JACOBY, Ex-Execs Trade Lawsuits
Former employees claim Jacoby cheated them, mishandled projects; developer says workers broke contract
Developer James F. Jacoby, who led the rebirth of the Atlantic Steel site as Atlantic Station, and several former executives at one of his energy companies are trading accusations of fraud, conspiracy, defamation and bad-faith dealings in suits filed in Fulton County Superior Court.
At stake, according to the ex-employees’ lawyer, is at least $1.3 million in disputed wages, bonuses and other benefits, and more than $10 million in what he describes as contractually guaranteed equity interest in several Jacoby companies and projects. The employees were involved in Jacoby ‘s Live Oak Landfill project in DeKalb County, a joint venture between Jacoby and AGL Resources that would generate power from methane gas.
Jacoby himself is accused of mismanaging the Live Oak project, as well as another trash-to-energy project in St. Lucie County, Fla. According to court filings and Jacoby attorney David R. Hughes of Davis, Pickren & Seydel, the roots of the dispute lay in a proposed merger between one of Jacoby ‘s energy companies, Jacoby Energy Development Inc. (JEDI), and another alternative energy firm, Xethanol Corp.
In March, the two companies signed non-disclosure and non-compete agreements that provided, among other things, that neither firm would attempt to hire away the others’ employees. The merger never came to fruition.
But “[u]unbeknownst to Plaintiffs,” according to the a complaint Hughes’ filed on July 28, then- Jacoby Chief Operating Officer Michael Ellis; Senior Engineer Frank Pucciano; the vice presidents of business development and sales, Charlie Wall and Donald White; and consultant Rom Papadopoulos, engaged in a “secret plan whereby [they] would work for Xethanol and take the Live Oak project, and other projects, away from Plaintiffs.”
“We were forced to act to protect our intellectual property,” said Hughes, who added that talks between the parties broke down over their demands for salaries and benefits, as well as assertions that agreements between Jacoby and his former executives guaranteed them equity interests in JEDI and other Jacoby energy companies, and a share in potential profits from the two projects.
“We categorically deny that,” said Hughes. He notes that a separate suit, filed by Ellis and the other former JEDI employees on Friday, “does not have any documents attached showing any sort of equitable interest.”
In their own suit, filed Aug. 8, Ellis and the other former employees say that Jacoby chronically underfunded the Live Oak and St. Lucie projects and that “the projects began to flounder badly.”
“While the projects were in serious trouble,” wrote the ex-employees’ lead attorney, Richard L. Robbins of newly formed RobbinsLaw, LLC, “Jacoby spent his time and money generating publicity about himself and his companies. This greatly distracted him from focusing on the timely and successful development of the projects.”
The plaintiffs say Jacoby actions threaten their purported financial interests in the companies and ask the court for—among other things—an injunction “to prevent the waste of assets and to preserve any proceeds from the operations and/or sale of the Live Oak and St. Lucie projects … .”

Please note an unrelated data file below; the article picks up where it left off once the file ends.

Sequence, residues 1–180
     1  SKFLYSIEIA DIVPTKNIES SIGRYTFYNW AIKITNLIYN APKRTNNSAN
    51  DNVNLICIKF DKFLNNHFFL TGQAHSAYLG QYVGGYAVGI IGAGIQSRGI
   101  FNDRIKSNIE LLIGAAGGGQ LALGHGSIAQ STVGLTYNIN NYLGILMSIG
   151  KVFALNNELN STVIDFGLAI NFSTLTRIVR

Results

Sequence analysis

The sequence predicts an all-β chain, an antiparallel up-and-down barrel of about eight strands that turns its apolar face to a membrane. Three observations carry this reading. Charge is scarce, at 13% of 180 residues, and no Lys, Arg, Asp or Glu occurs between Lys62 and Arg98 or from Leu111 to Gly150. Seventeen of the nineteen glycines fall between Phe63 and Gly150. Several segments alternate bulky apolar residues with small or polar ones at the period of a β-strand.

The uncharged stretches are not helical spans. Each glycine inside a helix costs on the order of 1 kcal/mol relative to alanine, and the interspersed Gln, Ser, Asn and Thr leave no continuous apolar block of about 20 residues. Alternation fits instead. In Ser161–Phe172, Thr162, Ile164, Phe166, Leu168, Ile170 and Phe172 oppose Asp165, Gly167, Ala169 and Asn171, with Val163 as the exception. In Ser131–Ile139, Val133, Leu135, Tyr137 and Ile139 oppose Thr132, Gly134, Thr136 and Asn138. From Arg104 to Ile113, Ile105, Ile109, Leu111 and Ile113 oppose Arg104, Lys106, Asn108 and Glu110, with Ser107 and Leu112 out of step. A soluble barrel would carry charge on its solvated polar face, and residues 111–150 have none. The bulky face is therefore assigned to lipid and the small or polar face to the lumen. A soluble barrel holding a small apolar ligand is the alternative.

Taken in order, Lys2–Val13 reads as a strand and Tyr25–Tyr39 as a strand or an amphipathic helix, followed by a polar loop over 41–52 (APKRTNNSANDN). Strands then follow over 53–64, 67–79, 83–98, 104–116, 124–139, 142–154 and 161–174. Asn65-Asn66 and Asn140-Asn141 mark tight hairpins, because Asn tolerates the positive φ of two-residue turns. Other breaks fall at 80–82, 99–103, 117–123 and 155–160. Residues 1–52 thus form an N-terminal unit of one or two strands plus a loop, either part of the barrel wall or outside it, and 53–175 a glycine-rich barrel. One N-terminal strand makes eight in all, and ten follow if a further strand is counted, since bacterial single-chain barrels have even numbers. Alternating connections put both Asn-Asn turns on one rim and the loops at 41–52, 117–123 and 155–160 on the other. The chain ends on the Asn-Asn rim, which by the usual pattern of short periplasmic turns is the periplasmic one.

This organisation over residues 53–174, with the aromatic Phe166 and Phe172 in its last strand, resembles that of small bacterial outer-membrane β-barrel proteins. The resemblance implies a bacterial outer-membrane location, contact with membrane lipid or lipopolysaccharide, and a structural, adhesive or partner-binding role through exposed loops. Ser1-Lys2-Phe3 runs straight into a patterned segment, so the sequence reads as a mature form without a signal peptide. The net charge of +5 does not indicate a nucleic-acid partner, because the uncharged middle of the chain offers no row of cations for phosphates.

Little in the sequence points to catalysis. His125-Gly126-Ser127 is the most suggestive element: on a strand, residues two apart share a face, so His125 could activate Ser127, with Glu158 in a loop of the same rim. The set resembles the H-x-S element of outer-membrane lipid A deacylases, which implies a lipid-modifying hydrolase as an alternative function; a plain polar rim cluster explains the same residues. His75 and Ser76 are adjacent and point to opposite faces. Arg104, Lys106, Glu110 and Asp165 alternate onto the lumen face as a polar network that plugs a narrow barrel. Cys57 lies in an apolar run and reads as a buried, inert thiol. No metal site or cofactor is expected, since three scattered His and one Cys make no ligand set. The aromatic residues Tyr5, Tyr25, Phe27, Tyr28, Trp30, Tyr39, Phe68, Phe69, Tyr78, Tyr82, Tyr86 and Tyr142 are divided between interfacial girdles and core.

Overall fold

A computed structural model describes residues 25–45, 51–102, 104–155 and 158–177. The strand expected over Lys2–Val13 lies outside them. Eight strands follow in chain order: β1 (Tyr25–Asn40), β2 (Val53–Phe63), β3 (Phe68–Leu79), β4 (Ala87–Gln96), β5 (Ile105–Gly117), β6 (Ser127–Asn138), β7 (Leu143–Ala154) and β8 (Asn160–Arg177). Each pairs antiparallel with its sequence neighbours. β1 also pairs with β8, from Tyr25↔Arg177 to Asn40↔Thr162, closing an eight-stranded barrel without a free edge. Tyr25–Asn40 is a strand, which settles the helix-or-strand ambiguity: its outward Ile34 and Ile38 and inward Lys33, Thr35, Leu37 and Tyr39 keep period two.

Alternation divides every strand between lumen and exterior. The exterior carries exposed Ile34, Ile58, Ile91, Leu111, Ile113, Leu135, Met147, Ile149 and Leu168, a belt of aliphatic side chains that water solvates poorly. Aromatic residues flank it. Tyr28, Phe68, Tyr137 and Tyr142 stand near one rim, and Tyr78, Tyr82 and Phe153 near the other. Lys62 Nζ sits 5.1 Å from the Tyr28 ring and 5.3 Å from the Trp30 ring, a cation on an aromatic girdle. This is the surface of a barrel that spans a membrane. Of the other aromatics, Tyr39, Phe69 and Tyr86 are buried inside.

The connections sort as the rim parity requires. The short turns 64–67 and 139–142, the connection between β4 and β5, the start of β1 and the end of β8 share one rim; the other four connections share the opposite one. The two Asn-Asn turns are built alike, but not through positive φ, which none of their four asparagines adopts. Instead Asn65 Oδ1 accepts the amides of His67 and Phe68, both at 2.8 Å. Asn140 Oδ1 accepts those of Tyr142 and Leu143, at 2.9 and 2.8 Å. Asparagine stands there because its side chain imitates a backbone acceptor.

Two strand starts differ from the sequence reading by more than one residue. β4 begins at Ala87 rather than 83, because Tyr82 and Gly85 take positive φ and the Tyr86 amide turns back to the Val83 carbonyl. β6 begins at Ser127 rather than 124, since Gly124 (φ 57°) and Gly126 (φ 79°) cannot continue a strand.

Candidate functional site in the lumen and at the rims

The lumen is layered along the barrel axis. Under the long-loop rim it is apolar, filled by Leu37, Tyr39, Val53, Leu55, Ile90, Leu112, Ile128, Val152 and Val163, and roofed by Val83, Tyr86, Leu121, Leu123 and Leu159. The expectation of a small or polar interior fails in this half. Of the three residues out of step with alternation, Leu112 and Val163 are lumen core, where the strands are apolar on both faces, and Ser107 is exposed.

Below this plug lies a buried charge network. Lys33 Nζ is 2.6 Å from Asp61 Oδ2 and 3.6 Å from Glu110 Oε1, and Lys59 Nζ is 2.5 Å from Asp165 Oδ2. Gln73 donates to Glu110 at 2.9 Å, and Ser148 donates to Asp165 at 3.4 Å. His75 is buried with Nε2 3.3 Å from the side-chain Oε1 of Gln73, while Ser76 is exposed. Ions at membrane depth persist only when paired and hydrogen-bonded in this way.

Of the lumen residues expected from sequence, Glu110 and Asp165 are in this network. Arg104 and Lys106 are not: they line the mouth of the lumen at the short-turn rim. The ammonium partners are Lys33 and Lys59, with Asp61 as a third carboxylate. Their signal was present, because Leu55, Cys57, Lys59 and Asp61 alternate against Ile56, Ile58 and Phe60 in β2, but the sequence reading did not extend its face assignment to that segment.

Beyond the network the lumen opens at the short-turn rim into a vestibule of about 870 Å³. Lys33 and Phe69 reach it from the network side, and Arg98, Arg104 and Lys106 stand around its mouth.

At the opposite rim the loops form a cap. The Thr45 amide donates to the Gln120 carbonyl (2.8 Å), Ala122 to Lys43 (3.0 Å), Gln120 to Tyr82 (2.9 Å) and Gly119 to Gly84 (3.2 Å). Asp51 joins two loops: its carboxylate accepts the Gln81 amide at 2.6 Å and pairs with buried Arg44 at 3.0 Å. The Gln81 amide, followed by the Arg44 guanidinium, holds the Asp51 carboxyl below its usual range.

“There’s a huge disconnect between what has been stated publicly and what has gone on behind the scenes” regarding the Live Oak project, said Robbins. “There’s a lot of intrigue going on.”
His complaint also claims that, once it became clear that Jacoby intended to sack the executives, they asked for and received explicit—and written—confirmation that they could seek employment with Xethanol.
“Plaintiffs made a good faith effort to address the disputes before bringing this lawsuit,” wrote Robbins. “Instead of responding to Plaintiffs’ demand letter or negotiating in good faith, Defendants raced to the courthouse to file a frivolous and malicious lawsuit … . That lawsuit should be dismissed.”
“Jacoby Y hired a team of extremely experienced energy people, and he made a lot of promises in writing,” said Robbins. “In turn, they helped him put together the Live Oak project. … Later, he told them he wanted to downsize, so they started looking for jobs with a new firm.
“We were just trying to get him to confirm the arrangements,” said Robbins. “Instead, we started getting threatening letters about, ‘Oh you shouldn’t have left, you violated your non-compete clause,’ and all this stuff. We just wanted to negotiate in a reasonable business environment.”
Robbins said he was appalled because, after repeated efforts to get a reply from Jacoby, the developer sued. “It aggravates me because I told them I was going to file suit if they didn’t respond, and they went running off and sued us,” he said.
An AGL spokesman said the legal department there was unaware of either lawsuit or the allegations contained in them.
St. Lucie County spokesman Eric Gill said the facility there, an advanced plasma gasification project, is still only in the planning stages, and has been “stalled” while lawyers “hammer out the details between the county and GeoPlasma,” another JACOBY company.
Hughes, meanwhile, dismisses the ex- Jacoby executives’ suit as “a group of disgruntled former employees trying to get a leg up in a very competitive environment. They’ve made a number of claims for which, we think, there is no support.”
Not so, counters Robbins.
“My clients were given a lot of promises, and helped to pull off what looks to be a major and significant energy project in Atlanta, and one that could make Jim Jacoby a lot of money. But,” said Robbins, “he has to share, which his mother should have taught him.”
The cases are Jacoby Energy Development v. Ellis, No. 2008CV154224; Ellis v. Jacoby, No. 2008CV154821.